For years, Renee has been photographing the abandoned houses and churches in which sharecroppers lived and worshiped after the end of the Civil War and the emancipation of slaves. She invited the other three of us to join her in this image-making activity.
A bit of history: Because landowners no longer had laborers to plant, tend, and harvest their crops and because the freed men and women had no employment, sharecropping arrangements were made between the two. Freed families- men, women and children- worked a farm in exchange for a portion of the profit from the cotton crop. Most often this agricultural system worked to the advantage of the landowners and at the expense of the laborers. By some accounts, there were just under two million black and white tenant farmers in the South by 1930.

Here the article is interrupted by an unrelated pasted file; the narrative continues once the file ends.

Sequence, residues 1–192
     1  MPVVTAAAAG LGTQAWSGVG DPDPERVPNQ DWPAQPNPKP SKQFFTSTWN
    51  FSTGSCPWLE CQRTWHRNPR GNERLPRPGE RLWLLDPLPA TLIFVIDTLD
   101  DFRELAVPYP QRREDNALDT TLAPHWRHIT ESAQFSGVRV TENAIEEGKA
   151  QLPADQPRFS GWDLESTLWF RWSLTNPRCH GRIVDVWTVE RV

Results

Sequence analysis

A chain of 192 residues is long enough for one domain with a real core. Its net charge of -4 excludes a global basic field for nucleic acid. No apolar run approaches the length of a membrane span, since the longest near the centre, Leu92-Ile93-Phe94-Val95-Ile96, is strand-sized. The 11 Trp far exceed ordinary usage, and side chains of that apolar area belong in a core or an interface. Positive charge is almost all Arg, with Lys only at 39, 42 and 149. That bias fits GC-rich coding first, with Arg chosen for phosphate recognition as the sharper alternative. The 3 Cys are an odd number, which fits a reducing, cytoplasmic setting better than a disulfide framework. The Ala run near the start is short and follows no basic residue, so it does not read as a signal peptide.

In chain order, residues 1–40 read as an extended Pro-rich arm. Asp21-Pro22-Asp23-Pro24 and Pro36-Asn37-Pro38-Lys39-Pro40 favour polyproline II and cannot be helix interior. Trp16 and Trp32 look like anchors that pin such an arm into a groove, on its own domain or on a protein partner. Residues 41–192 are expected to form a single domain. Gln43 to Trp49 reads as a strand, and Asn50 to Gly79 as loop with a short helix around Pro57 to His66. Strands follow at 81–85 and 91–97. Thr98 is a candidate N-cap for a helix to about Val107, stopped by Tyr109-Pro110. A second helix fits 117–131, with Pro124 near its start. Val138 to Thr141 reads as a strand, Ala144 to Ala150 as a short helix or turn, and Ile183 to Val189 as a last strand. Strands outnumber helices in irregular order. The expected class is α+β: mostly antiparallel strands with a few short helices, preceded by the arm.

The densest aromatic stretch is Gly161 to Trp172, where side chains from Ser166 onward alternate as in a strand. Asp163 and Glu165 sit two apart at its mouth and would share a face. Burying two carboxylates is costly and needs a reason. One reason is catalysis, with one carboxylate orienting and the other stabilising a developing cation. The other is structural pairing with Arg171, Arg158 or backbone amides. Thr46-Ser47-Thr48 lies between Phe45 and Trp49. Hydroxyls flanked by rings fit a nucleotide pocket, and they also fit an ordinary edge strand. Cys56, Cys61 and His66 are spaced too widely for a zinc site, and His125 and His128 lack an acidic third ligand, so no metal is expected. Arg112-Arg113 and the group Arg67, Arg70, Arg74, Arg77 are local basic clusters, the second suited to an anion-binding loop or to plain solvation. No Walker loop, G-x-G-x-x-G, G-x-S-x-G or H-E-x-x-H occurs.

In addition to our encountering the mystery and intrigue the dilapidated shacks and churches had to offer, we were housed in a renovated sharecropper’s shack at an inn called The Shack Up Inn. Our shack included two bedrooms, a kitchen, a bath, and a screened-in front porch with rockers and a church pew. The tin walls and roof, the uneven wooden floors, and the portraits hanging from the walls gave us a first-hand feel of sharecropper life.
Every shack and church we entered led us to imagine the circumstances and stories of the sharecropper’s life. Our images provided here hint at the pathos we experienced in these encounters with the past.
Contributed by Sharon Brown Christopher